What really helped was finally deciding on a barn design for our future horse farm (definitely more on that in an upcoming post). While we are probably a year out from building the barn, it is the singular most important thing that needs to be done in my mind, and when I couldn't develop a cohesive vision for how the farm would come together, including how the barn would look and what its footprint would be, I started struggling with everything because my brain wouldn't leave it alone. (Thank you to everyone who uses Pinterest and posts all things barn-related - you all helped solve my problem!)
So now I've got some catching up to do on the blog. To start off, you get the story of Winter Storm Jonas, which is probably kind of old news at this point, but is significant enough to warrant its own post anyway.
Winter Storm Jonas was predicted by meteorologists well in advance, so there was plenty of time to prepare. However, I admit to having been highly skeptical of the predicted impact (which at one point was listed as 30-40 inches of snow for where I live). It wouldn't be the first time that a great and epic storm was predicted and reality fell so far short of the mark that one had to wonder if meteorology is a real science. Nonetheless, as D-Day drew closer, the predictions became more confident and consistent across models, until things were mostly in alignment with many areas surrounding Washington, D.C. expected to get more than 2 feet of snow.
Seriously? Two feet of snow in one snowstorm? Come on. That said, even two inches of snow in the metro area is enough to cause endless problems, as we were reminded a few days before Jonas' arrival when about an inch or so of snow fell on non-treated roads during rush hour and caused traffic delays of a level not seen since the last time it snowed. (In the defense of all the poor souls out on the road that night, even where I live, which is well outside the Beltway, the roads were slippery and I spent over an hour driving in the worst traffic I've ever seen just to get to the barn by 8 pm.) Ever mindful of the potential for chaos on the roads, most schools and even the Federal government decided to either close or cut things short on Friday, January 22.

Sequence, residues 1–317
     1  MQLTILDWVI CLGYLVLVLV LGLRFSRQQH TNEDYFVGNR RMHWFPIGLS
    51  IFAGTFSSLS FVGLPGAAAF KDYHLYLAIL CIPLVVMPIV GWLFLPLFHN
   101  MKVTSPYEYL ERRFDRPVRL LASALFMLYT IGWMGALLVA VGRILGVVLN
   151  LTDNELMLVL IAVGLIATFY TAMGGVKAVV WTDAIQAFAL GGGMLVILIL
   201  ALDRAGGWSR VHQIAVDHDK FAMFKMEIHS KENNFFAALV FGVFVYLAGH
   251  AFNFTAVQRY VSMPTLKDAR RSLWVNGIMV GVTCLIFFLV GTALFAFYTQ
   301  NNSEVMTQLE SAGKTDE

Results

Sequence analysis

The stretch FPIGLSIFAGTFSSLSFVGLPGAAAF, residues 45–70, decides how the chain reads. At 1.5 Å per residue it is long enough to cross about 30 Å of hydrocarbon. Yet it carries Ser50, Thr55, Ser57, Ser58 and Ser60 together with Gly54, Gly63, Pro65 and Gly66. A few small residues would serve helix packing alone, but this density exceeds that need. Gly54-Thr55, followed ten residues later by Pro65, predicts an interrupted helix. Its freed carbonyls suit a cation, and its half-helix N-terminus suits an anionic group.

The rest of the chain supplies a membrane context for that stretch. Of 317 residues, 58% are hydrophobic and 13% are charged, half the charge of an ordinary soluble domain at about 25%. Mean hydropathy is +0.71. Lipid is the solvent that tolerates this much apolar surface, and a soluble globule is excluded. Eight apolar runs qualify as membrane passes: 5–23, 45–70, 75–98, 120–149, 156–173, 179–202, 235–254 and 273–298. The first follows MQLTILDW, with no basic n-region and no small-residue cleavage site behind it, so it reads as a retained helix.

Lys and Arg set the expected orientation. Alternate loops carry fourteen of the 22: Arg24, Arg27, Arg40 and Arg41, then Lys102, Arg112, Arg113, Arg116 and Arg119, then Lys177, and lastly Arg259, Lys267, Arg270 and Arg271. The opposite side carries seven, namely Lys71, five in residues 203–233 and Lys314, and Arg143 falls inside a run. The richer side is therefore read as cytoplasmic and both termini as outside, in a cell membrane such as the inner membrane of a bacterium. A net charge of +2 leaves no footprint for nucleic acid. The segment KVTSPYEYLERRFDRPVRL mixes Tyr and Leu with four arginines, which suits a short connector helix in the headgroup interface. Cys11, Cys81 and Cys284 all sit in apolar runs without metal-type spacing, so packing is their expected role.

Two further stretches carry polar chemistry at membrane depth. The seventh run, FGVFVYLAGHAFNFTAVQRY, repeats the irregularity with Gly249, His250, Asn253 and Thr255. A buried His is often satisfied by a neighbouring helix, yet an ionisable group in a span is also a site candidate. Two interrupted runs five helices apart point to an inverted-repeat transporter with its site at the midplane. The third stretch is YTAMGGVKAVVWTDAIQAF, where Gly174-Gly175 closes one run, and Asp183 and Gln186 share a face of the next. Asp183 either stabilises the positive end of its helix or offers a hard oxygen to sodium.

I was teleworking that day, but my husband opted to take the day off solely so that he wouldn't be stuck in the hours worth of traffic that would likely be in existence at noon that day, when the Federal government closed and all employees made mad dashes to the store and then home. Because God forbid you don't have enough milk, orange juice, bread, and, of course, marshmallows - there was only one bag of marshmallows in the grocery store the night before the storm, so I adopted it and made Rice Krispie treats - in the event of a snow storm. It's like nobody has anything in their house unless it's going to snow, at which point it becomes essential to have 17 weeks worth of supplies.
The first snow flakes started falling at about noon for us, a little earlier than predicted. At first, there wasn't much to get excited about.
|My daughter "shoveling" snow into her wagon|
During my trip to and back from the barn, I saw about 2 dozen snow plows, and only 4 of them were plowing anything. I think it should be a criminal offense to be driving a plow in the middle of a major snow storm and not be plowing anything. It's asinine. It's a dereliction of public duty. It's a waste of tax dollars. And it's a real waste of gas, which was in short supply, with many gas stations completely out due to the stupidity of people who think that they will need huge vats of gasoline so they can drive around in a snow storm. Sigh...